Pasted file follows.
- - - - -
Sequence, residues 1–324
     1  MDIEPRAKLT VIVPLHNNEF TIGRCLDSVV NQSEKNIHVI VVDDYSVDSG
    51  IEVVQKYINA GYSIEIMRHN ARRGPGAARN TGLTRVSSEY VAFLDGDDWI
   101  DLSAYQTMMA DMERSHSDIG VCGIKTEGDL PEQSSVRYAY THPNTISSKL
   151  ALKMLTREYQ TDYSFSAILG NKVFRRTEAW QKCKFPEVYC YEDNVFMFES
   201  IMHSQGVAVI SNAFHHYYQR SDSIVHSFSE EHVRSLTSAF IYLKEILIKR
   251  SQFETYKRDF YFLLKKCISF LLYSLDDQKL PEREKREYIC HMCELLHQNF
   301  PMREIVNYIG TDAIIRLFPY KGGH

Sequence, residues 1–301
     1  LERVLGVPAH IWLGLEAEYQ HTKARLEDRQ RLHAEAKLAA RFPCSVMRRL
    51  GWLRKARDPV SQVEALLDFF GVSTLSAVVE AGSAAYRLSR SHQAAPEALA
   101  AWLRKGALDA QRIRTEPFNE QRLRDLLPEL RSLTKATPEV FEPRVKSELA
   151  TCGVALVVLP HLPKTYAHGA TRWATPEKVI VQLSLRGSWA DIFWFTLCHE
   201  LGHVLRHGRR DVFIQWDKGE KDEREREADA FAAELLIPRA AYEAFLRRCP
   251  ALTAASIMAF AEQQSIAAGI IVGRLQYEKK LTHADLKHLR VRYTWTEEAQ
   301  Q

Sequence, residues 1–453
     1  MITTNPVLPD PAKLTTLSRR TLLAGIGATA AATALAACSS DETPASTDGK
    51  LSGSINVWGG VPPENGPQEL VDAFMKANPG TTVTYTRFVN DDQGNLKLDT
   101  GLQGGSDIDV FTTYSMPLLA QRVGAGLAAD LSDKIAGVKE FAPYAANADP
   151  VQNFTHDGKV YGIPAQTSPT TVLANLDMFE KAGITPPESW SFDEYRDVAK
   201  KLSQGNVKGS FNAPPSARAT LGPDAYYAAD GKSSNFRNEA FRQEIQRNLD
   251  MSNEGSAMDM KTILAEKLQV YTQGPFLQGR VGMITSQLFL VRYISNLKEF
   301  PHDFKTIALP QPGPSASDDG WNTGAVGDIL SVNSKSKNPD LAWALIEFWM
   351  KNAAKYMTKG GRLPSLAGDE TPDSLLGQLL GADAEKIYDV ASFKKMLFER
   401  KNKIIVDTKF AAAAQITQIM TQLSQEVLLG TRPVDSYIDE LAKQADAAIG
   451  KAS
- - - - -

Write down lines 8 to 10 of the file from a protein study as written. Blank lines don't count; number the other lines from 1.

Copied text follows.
   301  PMREIVNYIG TDAIIRLFPY KGGH

Sequence, residues 1–301
     1  LERVLGVPAH IWLGLEAEYQ HTKARLEDRQ RLHAEAKLAA RFPCSVMRRL